- A banana and some raw or dry roasted almonds
- Whole grain rice cake with peanut butter
- Dried fruit and nuts
Thanks for helping your kids be healthy and successful
Sara Sherritt, RN
When to keep your child home from school
- Use the 24 hour rule! Did they have a fever? Were they vomiting or having diarrhea? Rash with sick symptoms? Your child is fine to return to school when they have been symptom free and/or fever free (without fever reducing medications) for 24 hours. Read below for more details.
- Frequent, high quality hand washing is the #1 most effective way to prevent infection! High quality means wetting hands and using enough soap to create white bubbles on all parts of your hands and wrists, using vigorous friction with the soap for at least 20 seconds, and continuing to use friction when you rinse. Use paper towels to turn off water faucets and open doors in public places.
Does your child have a fever? Keep him/her home with a temperature of 100.0 or above. He/she may return to school when he/she has been at least 24 hours fever free without the use of Tylenol/Ibuprofen or other fever reducing medication. Fever is a symptom of illness, not an actual diagnosis, and usually indicates that the body is battling an infection. If the fever does not resolve in 2 to 3 days, or if your child appears sick with any fever, call your doctor to have your child evaluated.
Do you think your child has a contagious illness? Unless a doctor has cleared him/her to return to school, keep him/her home to avoid spreading it. If your child appears really sick, keep your child home and arrange an evaluation by your doctor that day. Call your doctor’s office for advice if you are not sure about your child’s condition or have questions about whether your child should stay home from school. Physicians have an answering service 24 hours a day, 7 days a week. So even after hours, you will be able to reach someone for assistance. If you can’t get through to your doctor and you are really concerned, either call 911 or bring your child to the nearest emergency room for evaluation. See below for some examples of contagious illnesses.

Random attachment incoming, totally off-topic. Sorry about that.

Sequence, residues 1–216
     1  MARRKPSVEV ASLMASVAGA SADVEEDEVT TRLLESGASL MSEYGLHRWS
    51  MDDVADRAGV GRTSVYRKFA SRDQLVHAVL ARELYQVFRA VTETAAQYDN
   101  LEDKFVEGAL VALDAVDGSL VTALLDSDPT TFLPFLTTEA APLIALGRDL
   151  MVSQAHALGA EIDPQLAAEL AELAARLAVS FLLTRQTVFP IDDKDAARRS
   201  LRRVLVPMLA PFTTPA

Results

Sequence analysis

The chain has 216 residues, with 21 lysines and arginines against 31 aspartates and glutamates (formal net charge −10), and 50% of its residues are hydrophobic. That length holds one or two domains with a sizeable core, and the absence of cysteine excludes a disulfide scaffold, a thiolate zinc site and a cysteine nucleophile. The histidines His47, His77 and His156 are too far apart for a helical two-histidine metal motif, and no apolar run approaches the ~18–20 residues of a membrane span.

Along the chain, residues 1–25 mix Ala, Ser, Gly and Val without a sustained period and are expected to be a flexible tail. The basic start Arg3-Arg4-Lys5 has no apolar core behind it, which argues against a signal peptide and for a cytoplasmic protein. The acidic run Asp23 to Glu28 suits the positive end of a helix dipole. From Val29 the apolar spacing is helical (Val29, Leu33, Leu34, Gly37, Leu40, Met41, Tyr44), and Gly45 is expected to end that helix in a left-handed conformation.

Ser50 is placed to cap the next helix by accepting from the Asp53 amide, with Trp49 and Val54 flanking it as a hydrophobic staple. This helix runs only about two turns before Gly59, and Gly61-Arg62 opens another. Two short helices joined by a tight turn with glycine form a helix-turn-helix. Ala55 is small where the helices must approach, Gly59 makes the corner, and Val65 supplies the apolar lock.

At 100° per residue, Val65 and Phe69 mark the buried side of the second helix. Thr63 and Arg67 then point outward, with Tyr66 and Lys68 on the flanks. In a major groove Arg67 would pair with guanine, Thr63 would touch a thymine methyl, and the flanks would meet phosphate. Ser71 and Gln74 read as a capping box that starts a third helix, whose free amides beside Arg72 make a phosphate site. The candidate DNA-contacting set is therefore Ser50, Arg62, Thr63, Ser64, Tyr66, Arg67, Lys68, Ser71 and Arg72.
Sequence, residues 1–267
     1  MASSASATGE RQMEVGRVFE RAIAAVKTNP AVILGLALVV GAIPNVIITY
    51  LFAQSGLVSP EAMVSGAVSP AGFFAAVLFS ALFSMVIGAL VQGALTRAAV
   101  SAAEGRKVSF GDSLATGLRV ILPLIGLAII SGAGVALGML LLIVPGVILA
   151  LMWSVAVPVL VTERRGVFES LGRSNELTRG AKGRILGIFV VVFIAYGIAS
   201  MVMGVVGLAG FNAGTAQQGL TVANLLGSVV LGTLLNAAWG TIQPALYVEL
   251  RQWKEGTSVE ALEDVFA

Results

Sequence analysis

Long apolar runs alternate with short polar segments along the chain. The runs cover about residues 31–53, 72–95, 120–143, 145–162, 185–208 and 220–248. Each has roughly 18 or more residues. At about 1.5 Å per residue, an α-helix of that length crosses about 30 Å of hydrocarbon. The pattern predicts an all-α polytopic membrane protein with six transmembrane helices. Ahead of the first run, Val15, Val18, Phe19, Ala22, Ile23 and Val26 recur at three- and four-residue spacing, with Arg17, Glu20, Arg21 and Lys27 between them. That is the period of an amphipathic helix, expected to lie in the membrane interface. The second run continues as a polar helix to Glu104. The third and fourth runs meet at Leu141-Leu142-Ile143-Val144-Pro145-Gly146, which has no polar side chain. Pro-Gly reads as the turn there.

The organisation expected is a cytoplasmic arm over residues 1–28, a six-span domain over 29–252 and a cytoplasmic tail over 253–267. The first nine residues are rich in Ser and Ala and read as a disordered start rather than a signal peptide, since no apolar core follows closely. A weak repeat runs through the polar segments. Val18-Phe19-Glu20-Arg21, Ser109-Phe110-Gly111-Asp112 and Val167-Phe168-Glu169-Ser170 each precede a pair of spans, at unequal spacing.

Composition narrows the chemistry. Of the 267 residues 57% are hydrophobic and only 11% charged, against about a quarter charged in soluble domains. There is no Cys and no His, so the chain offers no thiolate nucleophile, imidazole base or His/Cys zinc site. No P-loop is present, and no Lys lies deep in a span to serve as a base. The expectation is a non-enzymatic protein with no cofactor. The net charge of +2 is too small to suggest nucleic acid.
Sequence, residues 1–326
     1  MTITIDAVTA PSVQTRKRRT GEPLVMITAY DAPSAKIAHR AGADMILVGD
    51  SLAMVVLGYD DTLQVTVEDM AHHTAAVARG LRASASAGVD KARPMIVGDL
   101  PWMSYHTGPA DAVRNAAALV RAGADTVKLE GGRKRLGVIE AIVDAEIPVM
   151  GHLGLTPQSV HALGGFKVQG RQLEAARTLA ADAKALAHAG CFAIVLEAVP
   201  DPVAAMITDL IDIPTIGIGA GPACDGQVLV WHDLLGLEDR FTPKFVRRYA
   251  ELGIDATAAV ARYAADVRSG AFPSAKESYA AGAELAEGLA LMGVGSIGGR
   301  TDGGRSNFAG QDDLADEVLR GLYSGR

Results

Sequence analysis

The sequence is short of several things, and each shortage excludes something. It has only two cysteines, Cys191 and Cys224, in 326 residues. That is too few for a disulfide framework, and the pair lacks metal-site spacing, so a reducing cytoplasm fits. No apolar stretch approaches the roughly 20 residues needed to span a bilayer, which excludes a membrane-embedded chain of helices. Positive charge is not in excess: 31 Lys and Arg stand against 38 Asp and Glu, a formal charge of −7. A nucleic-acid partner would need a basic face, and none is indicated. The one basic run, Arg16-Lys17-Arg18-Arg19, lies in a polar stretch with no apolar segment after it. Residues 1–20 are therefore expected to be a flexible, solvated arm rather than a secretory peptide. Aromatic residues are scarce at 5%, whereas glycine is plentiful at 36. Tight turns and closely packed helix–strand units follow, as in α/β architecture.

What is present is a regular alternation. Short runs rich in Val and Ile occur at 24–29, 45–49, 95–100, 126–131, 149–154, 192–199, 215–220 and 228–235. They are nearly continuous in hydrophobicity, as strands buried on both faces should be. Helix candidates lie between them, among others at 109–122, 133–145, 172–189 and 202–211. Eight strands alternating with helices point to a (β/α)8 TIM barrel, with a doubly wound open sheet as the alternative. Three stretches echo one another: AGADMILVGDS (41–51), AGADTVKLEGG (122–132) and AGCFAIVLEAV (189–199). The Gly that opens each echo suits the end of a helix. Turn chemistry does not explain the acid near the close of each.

If your child complains of not feeling well but otherwise has no definite symptoms, he/she can likely attend school. The school will call you if something more develops. Be sure to contact your pediatrician if the complaints persist or other more definite sick symptoms develop. The effect on a family with a sick child is enormous – home, work and school lives are all impacted and often at the least convenient times! To complicate matters, it can be difficult deciding when to keep a child home and when to send them to school, as usual. It is helpful to have a plan developed for someone to be available to care for your child in the event they are sent home from school or need to stay home. Be sure to update your emergency phone numbers when there are changes. Please keep in mind that the school nurse cannot, by law, diagnose or treat any illnesses or injuries (beyond first aid) and will refer you to your primary care physician.
Sickness is a part of childhood. According to the Centers for Disease Control and Prevention, the typical child has 6 to 12 illnesses a year ranging from mild to severe. Illnesses can occur throughout the year, but usually cluster in the winter. These illnesses can spread throughout classrooms affecting other students, teachers, and family members. Families and schools need to balance the child’s school attendance with the risk of spreading the illness to others in the school.